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Embalse de los Bermejales

Embalse de los Bermejales

We set up the festival under the shade of tall trees at a picnic ground by the local lake, Embalse de los Bermejales (this is different from the Lake Bermejales that we run around).  Mom, Dave, Mike, Spencer and I manned Estacion #3.  Spencer is a young man from Tennessee who is teaching English at the school this year.  Since he is the other American he was assigned to our group.  We really like Spencer so we were glad for his company. Our station was called “Coma manzanas sin los manos” (eat apples without your hands). We sliced apples and dangled them from a string hanging between two trees.

Savannah and Spencer (pronounced ES-spencer by the Spanish children)

Savannah and Spencer (pronounced ES-spencer by the Spanish children)

Mom, Sandi cutting apples

Mom, Sandi cutting apples

We gave the instructions in Spanish and had the kids repeat them after us in English.  We were supposed to be teaching some English so we quizzed them on the words for fruits and vegetables.  The children were pretty hungry and were motivated to get the apples without using their hands.  It was fun to watch.  In every group there was always one kid, usually a big boy, who would demand that his string be reloaded several times.

Grampy Dave helping with the apples

Grampy Dave helping with the apples

Toma manzanas sin manos

Toma manzanas sin manos

Delicious apples!

Delicious apples!

Sky's friend Ava

Sky’s friend Eva

Sky and Savannah stayed with their classes. They had sack races, a mask-making station and other games.

Beautiful Sky winning the sack race

Beautiful Sky winning the sack race

Savvy with her cool autumn mask

Savvy with her cool autumn mask

Once every class had rotated through all the activity stations, it was time for lunch and most of the parents began arriving.  One mother roasted chestnuts and passed them out wrapped in newspaper.

Passing out roasted chestnuts

Passing out roasted chestnuts

Tables were set up and the food was laid out.  There were Tortilla Espanolas (thick egg and potato omelettes), Empanadas, fried fish, and an entire table devoted to what else,  jamon. We visited with the other parents and tasted all of the foods. I had to explain at least 6 times that I was certain that the jamon was delicious but that I was a vegetarian. Mike just kept some on his plate to prove that he was enjoying it.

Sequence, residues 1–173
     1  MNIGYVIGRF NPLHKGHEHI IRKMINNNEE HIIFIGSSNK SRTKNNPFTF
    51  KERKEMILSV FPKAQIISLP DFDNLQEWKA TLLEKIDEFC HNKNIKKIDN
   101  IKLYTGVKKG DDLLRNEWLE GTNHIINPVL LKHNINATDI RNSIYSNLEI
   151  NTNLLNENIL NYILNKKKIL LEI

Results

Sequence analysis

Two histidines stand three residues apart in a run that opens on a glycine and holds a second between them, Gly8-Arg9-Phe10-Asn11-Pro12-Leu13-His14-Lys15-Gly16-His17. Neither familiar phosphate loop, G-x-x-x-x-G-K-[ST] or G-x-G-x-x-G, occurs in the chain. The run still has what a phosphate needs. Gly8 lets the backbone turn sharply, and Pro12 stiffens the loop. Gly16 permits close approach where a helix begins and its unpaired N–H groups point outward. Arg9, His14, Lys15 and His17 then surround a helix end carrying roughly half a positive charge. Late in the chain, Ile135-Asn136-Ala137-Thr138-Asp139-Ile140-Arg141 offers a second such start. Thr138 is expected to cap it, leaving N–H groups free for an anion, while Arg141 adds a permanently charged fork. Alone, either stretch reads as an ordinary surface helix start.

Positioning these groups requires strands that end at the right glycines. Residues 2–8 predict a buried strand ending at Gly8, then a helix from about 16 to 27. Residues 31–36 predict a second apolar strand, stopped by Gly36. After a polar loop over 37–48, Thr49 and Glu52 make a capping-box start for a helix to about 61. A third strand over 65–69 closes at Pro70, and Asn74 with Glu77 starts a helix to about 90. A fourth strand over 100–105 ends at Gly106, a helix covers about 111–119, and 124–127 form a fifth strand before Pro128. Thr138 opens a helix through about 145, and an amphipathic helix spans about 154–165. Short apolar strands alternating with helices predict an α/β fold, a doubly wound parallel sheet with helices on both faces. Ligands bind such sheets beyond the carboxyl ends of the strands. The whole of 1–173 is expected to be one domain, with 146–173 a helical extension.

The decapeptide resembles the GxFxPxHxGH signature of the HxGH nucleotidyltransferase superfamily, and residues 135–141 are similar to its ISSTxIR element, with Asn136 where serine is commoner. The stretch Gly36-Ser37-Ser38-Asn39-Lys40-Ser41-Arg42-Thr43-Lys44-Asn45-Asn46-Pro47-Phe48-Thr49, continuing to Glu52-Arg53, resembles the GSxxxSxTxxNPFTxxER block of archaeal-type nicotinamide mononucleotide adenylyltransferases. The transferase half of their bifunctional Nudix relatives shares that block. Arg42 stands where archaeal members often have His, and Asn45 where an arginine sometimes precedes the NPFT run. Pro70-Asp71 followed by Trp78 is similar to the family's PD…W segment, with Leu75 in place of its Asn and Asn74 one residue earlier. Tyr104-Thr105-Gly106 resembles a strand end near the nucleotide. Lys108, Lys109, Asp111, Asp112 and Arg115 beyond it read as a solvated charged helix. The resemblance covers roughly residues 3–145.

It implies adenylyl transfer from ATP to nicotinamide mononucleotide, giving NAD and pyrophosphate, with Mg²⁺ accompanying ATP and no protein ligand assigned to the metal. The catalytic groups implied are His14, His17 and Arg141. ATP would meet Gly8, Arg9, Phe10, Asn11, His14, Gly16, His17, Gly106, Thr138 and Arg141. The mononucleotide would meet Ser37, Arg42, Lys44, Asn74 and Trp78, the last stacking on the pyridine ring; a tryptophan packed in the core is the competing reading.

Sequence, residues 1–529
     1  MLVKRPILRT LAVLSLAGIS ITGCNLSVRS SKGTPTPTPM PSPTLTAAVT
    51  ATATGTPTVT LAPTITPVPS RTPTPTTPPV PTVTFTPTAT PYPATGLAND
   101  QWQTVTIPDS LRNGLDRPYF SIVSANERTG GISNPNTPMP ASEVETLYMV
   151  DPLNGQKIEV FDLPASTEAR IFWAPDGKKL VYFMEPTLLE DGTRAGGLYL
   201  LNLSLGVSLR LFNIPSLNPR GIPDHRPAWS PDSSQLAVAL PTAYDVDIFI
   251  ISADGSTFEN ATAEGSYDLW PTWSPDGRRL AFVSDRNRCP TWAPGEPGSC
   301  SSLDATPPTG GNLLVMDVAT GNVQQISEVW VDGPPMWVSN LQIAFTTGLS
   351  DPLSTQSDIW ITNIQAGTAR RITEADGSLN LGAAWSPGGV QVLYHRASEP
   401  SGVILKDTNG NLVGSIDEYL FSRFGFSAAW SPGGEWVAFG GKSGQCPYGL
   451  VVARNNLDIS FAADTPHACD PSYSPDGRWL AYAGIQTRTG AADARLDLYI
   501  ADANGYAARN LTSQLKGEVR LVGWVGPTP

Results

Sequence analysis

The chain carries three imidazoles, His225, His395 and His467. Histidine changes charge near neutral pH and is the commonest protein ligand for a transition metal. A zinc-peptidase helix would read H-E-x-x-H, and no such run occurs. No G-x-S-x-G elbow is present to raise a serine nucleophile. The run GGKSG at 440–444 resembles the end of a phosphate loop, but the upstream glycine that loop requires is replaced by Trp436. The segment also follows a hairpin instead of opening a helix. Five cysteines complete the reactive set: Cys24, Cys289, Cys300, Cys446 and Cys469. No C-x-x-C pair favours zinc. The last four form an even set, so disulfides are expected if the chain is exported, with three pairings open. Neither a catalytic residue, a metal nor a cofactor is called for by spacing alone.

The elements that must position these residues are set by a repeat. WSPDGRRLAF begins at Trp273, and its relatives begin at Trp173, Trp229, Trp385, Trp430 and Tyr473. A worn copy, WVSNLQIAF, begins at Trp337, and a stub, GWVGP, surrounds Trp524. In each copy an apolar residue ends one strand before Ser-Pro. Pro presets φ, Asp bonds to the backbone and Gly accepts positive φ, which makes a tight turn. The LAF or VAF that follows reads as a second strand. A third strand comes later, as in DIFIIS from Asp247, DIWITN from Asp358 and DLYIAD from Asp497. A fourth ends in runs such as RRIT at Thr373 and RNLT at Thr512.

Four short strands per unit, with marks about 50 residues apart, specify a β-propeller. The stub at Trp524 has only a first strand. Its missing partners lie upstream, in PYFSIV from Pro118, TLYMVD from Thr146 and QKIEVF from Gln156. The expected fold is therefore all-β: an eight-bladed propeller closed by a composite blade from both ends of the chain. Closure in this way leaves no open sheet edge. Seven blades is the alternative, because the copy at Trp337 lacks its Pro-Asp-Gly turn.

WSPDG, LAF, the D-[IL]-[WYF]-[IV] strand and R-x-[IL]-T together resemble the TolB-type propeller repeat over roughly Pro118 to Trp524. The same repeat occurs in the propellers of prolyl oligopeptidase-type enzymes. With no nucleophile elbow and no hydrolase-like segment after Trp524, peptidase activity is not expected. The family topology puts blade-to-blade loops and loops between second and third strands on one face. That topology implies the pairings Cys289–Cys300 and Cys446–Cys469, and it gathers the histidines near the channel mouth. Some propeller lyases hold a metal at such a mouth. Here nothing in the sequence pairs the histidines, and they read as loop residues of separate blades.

So much JAMON!

So much JAMON!

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Mike, Dave and Sandi after lunch

After everyone had eaten, Javier jumped around and announced that it was time for some games.  I volunteered for the sack race.  Spencer joined me.  Spencer has a rule that he must never say no if he is invited to try something as long as it is not unhealthy or illegal. I knew when Javier approached him that he would be lining up for the race!  Spencer won and was awarded a bag of candy which seemed to come with about 40 children. They surrounded him and left him with an empty bag. He was smiling, what a prize!

Full of fried calamari, tortilla Espanola, witches’ fingers, and jamon we all hiked back to the school.  It was a long line of tired children who hiked the mile back to school.  I was impressed that even the tiny kids hiked without complaint.  Javier took up the rear making sure no one got lost.

DSC_9705It was evening and we were all tired.  It felt good to have had a station of our own to run.  We felt welcomed and part of the community which was lovely.  Team Kezmoh and Grammy and Grampy went home and watched Despicable Me and went to bed.

Team Kezmoh

Team Kezmoh

Stay tuned for more adventures of Team Kezmoh and visitors.

Ultima Frontera, Race report. Loja, Spain

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Ultima Frontera 55km/83km/166km: Race Report
Loja, Espana October 20, 2013

Hey! Do those butts look familiar? Mike and I are the poster children for the race!

Hey! Do those butts look familiar? Mike and I are the poster children for the race!

Ultima Frontera is organized by Michelle Culter and Eric Maroldo. Michelle is a screen writer living here in Spain.  Eric is a musician who has a band here with some Spanish musicians.  They live near us so we are looking forward to getting to know them better.  The race course is from the imagination of our friend, Paul Bateson.  The race flyer was created by Paul and is a picture of Mike and me from 2 years ago.
Ultima Frontera was my first ultra in Spain.  How could I not run the race if I was on the poster!? It is always funny showing up for a race where 55k is the shortest distance.   I felt a bit lame but I am certainly in no shape to run 50 or 100 miles!